Hrant Dink Commemoration at SOAS

On the evening of Monday 19th January 2015, a group of Turks, Armenians and Kurds gathered together on the SOAS steps to commemorate the tragic death of Hrant Dink. Amongst the flickering candlelight, there were pictures of Hrant reminiscent of his time as Founder and Editor in Chief at Agos. We were reminded how during his short life, he altered the aspect of Turko-Armenian relations for the better. Without Hrant’s influence it is arguable that today there would still be a greater discrepancy between the Anatolian nations, although the situation is far from resolved.

The respective heads of the Turkish, Armenian and Kurdish societies all gave heartrending speeches about how Hrant’s life was not lost in vain, how his death has shaped current generations and how it will continue to affect those in the future. Indeed, two of the speechmakers regailed us with what became one of Hrant’s most famous expressions: ‘We are two sick nations: Armenians and Turks… Who is going to heal us? The remedy for Armenians is Turks; the remedy for Turks is Armenians. Our medicine is dialogue.’ This aphorism has perhaps become more prevalent than ever before. In Armenia itself, there is still a deep mistrust of Turkish peoples in many social spheres. Nonetheless, in order for Armenia to progress as a nation it needs to be on better terms with Turkey so that eventually, Armenians may look forward to a time when they no longer regard Turks as enemies but as allies and brothers.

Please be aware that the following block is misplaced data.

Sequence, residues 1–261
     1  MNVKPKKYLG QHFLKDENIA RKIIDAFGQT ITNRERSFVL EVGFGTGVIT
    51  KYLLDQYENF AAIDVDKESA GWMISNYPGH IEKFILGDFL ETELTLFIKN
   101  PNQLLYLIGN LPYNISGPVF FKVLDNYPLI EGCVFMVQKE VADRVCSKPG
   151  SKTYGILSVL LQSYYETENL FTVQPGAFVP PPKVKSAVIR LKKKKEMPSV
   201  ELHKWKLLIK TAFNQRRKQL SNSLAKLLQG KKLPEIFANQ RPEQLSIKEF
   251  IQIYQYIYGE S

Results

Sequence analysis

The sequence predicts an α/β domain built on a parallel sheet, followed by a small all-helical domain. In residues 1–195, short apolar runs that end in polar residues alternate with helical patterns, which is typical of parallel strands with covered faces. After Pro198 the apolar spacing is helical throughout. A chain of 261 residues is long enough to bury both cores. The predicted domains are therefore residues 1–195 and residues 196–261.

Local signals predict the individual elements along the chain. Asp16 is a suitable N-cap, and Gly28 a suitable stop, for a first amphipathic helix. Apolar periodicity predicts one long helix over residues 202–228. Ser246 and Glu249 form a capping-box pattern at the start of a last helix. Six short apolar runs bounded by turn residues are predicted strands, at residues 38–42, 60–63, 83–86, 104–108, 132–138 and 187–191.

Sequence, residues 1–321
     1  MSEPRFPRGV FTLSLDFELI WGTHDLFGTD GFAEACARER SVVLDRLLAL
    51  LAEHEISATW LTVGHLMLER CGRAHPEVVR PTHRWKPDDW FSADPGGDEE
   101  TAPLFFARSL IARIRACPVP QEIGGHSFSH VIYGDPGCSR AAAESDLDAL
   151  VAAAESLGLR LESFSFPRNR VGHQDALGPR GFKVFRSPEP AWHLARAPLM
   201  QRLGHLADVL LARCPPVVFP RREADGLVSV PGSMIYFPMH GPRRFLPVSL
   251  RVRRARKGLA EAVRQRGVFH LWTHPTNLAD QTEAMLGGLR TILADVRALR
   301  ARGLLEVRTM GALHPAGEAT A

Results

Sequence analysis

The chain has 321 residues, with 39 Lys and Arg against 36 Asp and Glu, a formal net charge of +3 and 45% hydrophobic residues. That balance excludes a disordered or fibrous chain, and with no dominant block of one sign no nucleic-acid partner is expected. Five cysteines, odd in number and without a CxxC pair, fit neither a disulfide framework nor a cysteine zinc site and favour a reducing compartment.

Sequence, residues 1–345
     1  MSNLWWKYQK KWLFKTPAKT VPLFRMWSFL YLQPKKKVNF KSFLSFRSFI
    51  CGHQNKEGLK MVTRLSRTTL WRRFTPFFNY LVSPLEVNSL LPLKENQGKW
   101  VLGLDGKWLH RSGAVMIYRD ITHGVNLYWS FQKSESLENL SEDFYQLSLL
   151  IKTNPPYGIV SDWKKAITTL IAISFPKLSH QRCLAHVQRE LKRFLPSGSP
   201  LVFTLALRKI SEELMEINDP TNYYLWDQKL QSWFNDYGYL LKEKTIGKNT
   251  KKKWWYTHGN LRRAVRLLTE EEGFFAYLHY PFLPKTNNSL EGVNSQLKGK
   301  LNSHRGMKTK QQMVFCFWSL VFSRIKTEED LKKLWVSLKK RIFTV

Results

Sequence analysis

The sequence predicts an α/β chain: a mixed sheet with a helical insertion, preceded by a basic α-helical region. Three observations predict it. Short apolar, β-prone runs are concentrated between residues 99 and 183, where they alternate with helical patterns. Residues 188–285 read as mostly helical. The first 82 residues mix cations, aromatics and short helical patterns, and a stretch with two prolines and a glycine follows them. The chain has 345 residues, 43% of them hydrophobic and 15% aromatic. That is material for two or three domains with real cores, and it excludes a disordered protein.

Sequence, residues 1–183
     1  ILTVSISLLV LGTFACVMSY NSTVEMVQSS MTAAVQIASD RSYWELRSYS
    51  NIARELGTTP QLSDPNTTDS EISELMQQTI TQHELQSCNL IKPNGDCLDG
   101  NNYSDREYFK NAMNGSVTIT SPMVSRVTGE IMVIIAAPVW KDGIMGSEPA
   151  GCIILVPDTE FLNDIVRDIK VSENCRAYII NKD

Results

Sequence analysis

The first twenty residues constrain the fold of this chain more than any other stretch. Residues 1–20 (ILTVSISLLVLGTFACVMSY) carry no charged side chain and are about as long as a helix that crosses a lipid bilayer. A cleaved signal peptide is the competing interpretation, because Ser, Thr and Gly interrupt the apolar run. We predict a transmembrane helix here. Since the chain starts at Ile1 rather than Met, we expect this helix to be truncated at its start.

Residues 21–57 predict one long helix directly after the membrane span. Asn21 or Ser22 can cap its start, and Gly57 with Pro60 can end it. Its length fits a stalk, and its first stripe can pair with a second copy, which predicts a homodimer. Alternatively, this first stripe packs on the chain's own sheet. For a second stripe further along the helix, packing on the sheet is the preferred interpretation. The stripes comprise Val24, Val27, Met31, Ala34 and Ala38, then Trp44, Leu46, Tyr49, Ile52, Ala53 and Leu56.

And certainly, the situation regarding Armenia and Turkey has been a hopeful one over the past year. Erdoğan’s statement of condolence on April 23rd 2014 was a step in the right direction in acknowledging the Armenian Genocide by way of an official pronouncement. Furthermore, without Hrant’s legacy, it would be unthinkable for peoples around the world to gather together in Istanbul to promulgate the centennial commemoration of the genocide on April 24th of this year. There is still some way to go but we are a far cry from the accusations of denigrating Turkishness with which Hrant was plagued during his lifetime.

So between the Armenian, Turkish and Kurdish nations we have the capacity to make great headway in getting the Armenian Genocide recognised in a form that does not isolate us as disparate peoples, but rather brings us in accord with one another. Within the Anatolian diaspora the situation is improving, and at SOAS in particular, we wanted to illustrate how we can and will be at the forefront of change. In true memory of Hrant, seemingly divided peoples can become one.

—  Guest Writer, Grace Cartwright, SOAS Armenian Society

Grace is reading an MA in the Religions of Asia and Africa at SOAS, and is actively involved with the university’s Armenian Society.

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